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Topics: Google AdWords

No More Google Side Ads.  What Does This Mean?

March 28, 2016   Posted By Cyndi Friedel

No_Side_Ads.jpgHow will this affect my Paid Search Campaigns?
Last month, Google removed the familiar ads on the right-hand side of their search engine results page. Well, they didn’t really “re-move” them as much as just moved them.

There will now be 4 ads at the top of the page appearing above the organic search listings. There will also be three ads that appear at the very bottom of the page. These changes are creating a more streamlined structure that looks more like the mobile search engine results page.

This change, of course, spread a bit of panic in the online marketing community.

  • How is this going to affect my PPC ads?
  • Is my cost/click going to increase?
  • How is this going to affect my organic listings and traffic?

We continued to monitor our campaigns and really do not see much of a change, yet. I also attended a webinar with industry leader Larry Kim of Wordstream, and he relayed the same information – do not panic – the changes are not going to affect us much. He also reported that he has seen an overall increase in click through rates and the cost per click is flat since the change.

Only about 14.6% of the right hand / bottom ads received clicks. About 85% of Google search clicks come from the ads on the left hand side anyway, those ads that are near the organic listings. Also keep in mind this only took place on desktop searches. The way ads are displayed on mobile and tablet devices remain the same.

Has there been an impact on organic search?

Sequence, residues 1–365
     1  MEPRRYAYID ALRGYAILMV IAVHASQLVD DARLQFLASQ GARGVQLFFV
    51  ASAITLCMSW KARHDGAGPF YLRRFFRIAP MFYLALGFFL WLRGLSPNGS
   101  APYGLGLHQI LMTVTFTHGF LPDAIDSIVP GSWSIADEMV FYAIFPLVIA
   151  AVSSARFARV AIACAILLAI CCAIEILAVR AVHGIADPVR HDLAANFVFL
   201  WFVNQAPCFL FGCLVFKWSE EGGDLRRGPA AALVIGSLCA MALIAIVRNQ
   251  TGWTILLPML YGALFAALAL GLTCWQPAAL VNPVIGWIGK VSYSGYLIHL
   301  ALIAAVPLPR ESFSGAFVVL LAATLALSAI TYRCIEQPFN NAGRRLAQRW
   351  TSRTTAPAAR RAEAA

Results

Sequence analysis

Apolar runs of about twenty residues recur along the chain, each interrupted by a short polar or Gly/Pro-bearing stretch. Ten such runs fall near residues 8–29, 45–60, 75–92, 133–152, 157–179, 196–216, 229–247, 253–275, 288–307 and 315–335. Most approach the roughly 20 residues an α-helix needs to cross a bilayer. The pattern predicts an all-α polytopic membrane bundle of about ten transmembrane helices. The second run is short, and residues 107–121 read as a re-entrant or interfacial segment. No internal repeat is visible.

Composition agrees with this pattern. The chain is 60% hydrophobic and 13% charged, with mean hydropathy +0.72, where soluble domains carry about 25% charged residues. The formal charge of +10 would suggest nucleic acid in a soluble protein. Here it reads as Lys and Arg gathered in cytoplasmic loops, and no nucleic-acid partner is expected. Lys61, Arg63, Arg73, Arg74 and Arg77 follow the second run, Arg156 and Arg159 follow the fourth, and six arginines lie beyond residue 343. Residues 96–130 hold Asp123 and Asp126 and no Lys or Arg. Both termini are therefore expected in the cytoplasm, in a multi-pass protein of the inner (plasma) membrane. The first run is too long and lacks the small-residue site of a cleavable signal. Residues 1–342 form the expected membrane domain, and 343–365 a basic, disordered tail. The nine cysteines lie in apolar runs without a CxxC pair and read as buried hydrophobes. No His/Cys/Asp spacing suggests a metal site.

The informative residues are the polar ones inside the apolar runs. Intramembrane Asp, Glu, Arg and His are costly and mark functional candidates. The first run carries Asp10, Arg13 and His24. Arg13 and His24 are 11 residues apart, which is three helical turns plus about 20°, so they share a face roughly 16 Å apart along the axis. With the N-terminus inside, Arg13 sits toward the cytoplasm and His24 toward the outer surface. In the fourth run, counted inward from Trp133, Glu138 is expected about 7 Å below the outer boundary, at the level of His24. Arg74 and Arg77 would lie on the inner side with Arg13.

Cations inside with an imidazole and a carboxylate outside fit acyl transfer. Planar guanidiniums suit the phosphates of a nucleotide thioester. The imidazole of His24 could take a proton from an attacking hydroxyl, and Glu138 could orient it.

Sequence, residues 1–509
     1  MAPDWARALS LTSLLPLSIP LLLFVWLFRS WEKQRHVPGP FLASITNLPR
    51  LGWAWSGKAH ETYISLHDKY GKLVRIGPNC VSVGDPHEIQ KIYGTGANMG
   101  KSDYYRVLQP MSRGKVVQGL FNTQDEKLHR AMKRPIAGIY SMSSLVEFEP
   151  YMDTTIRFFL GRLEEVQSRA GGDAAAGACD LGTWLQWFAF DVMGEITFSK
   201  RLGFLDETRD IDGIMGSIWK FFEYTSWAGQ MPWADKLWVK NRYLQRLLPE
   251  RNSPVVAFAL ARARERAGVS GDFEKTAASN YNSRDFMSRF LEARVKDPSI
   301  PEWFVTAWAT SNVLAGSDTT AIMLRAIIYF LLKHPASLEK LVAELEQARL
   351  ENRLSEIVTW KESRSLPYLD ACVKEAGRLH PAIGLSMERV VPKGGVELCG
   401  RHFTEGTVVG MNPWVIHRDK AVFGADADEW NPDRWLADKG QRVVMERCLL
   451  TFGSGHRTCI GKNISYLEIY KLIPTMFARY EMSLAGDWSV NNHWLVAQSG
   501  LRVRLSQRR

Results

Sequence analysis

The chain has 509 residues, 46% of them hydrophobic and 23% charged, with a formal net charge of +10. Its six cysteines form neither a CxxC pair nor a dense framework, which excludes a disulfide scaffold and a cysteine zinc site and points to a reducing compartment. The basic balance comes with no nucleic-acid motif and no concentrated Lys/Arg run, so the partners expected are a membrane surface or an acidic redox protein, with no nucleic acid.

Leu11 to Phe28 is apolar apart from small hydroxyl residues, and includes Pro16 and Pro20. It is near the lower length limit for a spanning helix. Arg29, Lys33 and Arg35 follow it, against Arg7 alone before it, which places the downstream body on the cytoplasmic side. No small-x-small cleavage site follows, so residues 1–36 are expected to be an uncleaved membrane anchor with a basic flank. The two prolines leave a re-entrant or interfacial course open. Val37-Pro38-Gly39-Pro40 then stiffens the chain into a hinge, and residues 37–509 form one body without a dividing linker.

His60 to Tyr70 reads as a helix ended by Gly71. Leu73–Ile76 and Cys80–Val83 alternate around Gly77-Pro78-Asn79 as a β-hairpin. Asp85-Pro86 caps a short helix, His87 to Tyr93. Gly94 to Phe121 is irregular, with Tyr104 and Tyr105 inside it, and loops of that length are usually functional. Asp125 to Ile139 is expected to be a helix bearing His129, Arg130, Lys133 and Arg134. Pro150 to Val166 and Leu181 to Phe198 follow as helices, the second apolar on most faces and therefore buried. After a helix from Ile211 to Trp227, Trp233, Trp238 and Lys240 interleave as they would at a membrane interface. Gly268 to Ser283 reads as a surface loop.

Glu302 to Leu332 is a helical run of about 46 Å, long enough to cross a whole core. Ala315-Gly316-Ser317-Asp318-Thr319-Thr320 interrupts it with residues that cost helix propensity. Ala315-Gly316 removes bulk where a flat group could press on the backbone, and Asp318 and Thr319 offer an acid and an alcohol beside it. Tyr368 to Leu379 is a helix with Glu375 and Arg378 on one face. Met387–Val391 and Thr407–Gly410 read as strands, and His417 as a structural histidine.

We think this move may de-emphasize organic search and, surprise and perhaps just as Google coincidentally intended, may prompt us to invest more in paid search. If in the past 10 organic listings showed on a page, and now fewer organic listings appear on page 1 because more of that space is taken up by paid ads, that will just mean that we’ll be forced to buy for position on the all-important page 1 if we can’t get there organically.

When this update was announced, many in the organic search community thought that this could be a disaster as well. So far, researchers have reported that organic search clicks have been stable. That’s good to see, but we have to believe the competition for those fewer organic slots on page 1 will intensify, so competition for your most important keywords will only increase.

As always it’s best not to put all your eggs in one basket. Most A/B comparison studies have shown that it’s best to have both paid search and organic search programs running, and that even if you achieve page 1 organic position, your paid ads should continue.

We will keep you updated as we continue to monitor our clients’ paid search campaigns and will inform you of any additional changes. The battle continues!

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